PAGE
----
STEVEN SCOTT GALLERY515 N. Charles St. Cornelia Foss: New PaintingsTo view many of this artist's works is to enter her studio, with its carefully placed open books, plates of fruit, vases of Casablanca lilies and a view out the window. Always working from life, Cornelia Foss paints what gallery owner Steven Scott ,, calls "soft focus expressive realism": With rich, urgent brush strokes in a palette of blues, she creates relaxing vistas full of great energy. Gerrit Henry, contributing editor for Art News (who wrote the exhibit catalog essay)
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By John Dorsey and John Dorsey,Art Critic | August 13, 1992
Robert Seyffert paints both landscapes and cityscapes, and, at least in the group of his works now on display at 819 Gallery, he's much better at the latter.His landscapes -- of Nova Scotia and Brittany -- employ a palette that at times looks unnatural and oddly forced, for no apparent reason. Then, too, as Seyffert's paintings go deeper into space they become less satisfactory; he appears to be less than totally comfortable dealing with far-off horizons and something as vague as sky.The cityscapes, however, are a different story.
ENTERTAINMENT
By Christine Fillat | January 3, 1992
KATZENSTEIN GALLERY729 E. Pratt St. "Experimental Images"Local educators Mary Jacque Benner and Jane Kelly Morais examine the possibilities of computer-generated imagery in this exhibit of recent works. An associate professor of fine art at Loyola College, Ms. Benner photographs cemetery monuments, then manipulates and paints the imagery with the computer, giving new life to an old and, perhaps, forgotten scene. Ms. Morais is an associate professor of art and the art gallery director at Catonsville Community College.
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By John Dorsey and John Dorsey,Sun Art Critic | April 20, 1994
Of the four artists in a stimulating exhibit currently at Loyola, Symmes Gardner is represented by the fewest works but makes the biggest impression. His paintings, with their active, expressionist brush stroke, tactile surfaces, strong light and imposing forms, grab hold of the viewer and won't let go.In the largest of them, "Sleep," a lone figure lies sleeping in a field under a gray sky. The figure is big and bear-like, but in its unclothed state it...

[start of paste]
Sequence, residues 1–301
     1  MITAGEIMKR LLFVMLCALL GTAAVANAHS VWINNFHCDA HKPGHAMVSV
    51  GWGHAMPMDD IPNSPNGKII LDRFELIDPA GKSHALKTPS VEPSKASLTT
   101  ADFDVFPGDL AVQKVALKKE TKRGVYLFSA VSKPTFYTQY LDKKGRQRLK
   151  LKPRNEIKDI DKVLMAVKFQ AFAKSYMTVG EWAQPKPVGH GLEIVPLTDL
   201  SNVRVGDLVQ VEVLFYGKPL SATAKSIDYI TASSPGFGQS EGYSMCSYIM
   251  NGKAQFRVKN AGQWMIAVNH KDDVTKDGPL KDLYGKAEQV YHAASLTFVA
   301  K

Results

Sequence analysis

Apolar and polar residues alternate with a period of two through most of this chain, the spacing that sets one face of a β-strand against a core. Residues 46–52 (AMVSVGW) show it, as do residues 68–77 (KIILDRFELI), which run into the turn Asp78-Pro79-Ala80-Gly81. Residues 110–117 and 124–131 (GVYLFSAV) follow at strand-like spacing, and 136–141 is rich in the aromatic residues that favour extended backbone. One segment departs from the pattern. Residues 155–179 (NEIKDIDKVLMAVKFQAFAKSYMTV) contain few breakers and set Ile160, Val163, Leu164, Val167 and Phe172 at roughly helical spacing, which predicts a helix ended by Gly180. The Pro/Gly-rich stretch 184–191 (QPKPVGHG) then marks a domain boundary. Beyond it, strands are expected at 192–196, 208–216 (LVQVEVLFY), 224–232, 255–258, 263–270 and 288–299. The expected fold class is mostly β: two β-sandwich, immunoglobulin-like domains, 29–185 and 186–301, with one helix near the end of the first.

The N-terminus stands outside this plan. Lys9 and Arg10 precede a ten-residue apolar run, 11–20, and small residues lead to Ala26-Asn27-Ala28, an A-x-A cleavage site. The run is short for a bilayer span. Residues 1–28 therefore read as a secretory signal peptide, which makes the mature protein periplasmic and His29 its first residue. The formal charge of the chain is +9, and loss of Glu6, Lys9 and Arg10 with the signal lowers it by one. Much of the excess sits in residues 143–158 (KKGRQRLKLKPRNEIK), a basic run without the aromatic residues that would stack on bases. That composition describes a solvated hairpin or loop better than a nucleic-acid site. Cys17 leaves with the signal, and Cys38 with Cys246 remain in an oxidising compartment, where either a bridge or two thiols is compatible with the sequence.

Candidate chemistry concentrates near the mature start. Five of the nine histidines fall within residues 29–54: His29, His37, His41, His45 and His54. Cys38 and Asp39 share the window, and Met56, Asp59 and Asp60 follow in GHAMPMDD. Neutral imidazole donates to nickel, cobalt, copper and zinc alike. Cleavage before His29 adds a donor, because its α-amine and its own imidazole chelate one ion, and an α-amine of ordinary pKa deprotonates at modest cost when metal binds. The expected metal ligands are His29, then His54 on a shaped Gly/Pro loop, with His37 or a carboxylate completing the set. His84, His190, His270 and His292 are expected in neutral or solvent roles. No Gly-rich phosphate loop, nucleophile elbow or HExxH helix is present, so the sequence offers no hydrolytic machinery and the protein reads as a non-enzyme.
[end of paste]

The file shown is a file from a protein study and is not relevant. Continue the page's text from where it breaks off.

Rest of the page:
FEATURES
By Mike Giuliano and Mike Giuliano,Contributing Writer | September 21, 1992
It's not surprising that Robert Llewellyn and Don Cook, who have exhibited together before, again share a show at the Nye Gomez Gallery. These artists are interested in schematic representations of, respectively, boats and buildings. Though distinctive in their styles, both tend to treat their rendered objects as pure geometric forms.Mr. Llewellyn, in an artist's statement, mentions the influence of the Chesapeake Bay on his work. His watercolors are anything but pretty representational pictures, however.
ENTERTAINMENT
By Gwen Gant | May 17, 1991
TOWSON STATE UNIVERSITYHoltzman Gallery, Fine Arts Center, Osler and Cross Campus drives. Sculptures by Gagik Aroutiunian.This master of fine arts thesis exhibit (through May 26) features works by Soviet-Armenian artist Gagik Aroutiunian, who describes his sculptures as paintings without a picture plane or, in some cases, with the picture plane exploded. He tries to define the gap between painting and sculpture, according to a gallery statement, which adds that "in his treatment of surface he creates texture and colors that intensify the presence of the work spatially."
FEATURES
By John Dorsey and John Dorsey,Art Critic | February 24, 1992
Among area shows, sculptors David Yocum and Nicole Fall at Katzenstein make a happy combination, for each is outrageous in an idiosyncratic way. Yocum's pieces combine ceramic, neon, and sometimes acrylic that looks like thick plates of glass, into pieces that have some elements of landscape and also appear futuristic. In some ways they're awful, but they do exert a definite fascination; "Blue Window" looks like a bathroom basin supporting a super large bar of soap with a window in it.Fall's metal sculptures resemble some sort of sea creature mutants that have struggled to shore and are waiting for anything to love them.
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By John Dorsey and John Dorsey,Art Critic | March 25, 1992
Edda Jakab's charcoal still life drawings at the Katzenstein Gallery are not as pretty as her work in color that I've seen elsewhere, but they have a lot more going for them in other ways. They have definite weight, both physically -- the objects look solid -- and in the fact that there is some emotional content to them, too.A twisted cloth, spiky branches, deep shadows reflect a real and particular character informing these works that one doesn't encounter in the artist's more decorative and immediately appealing pictures.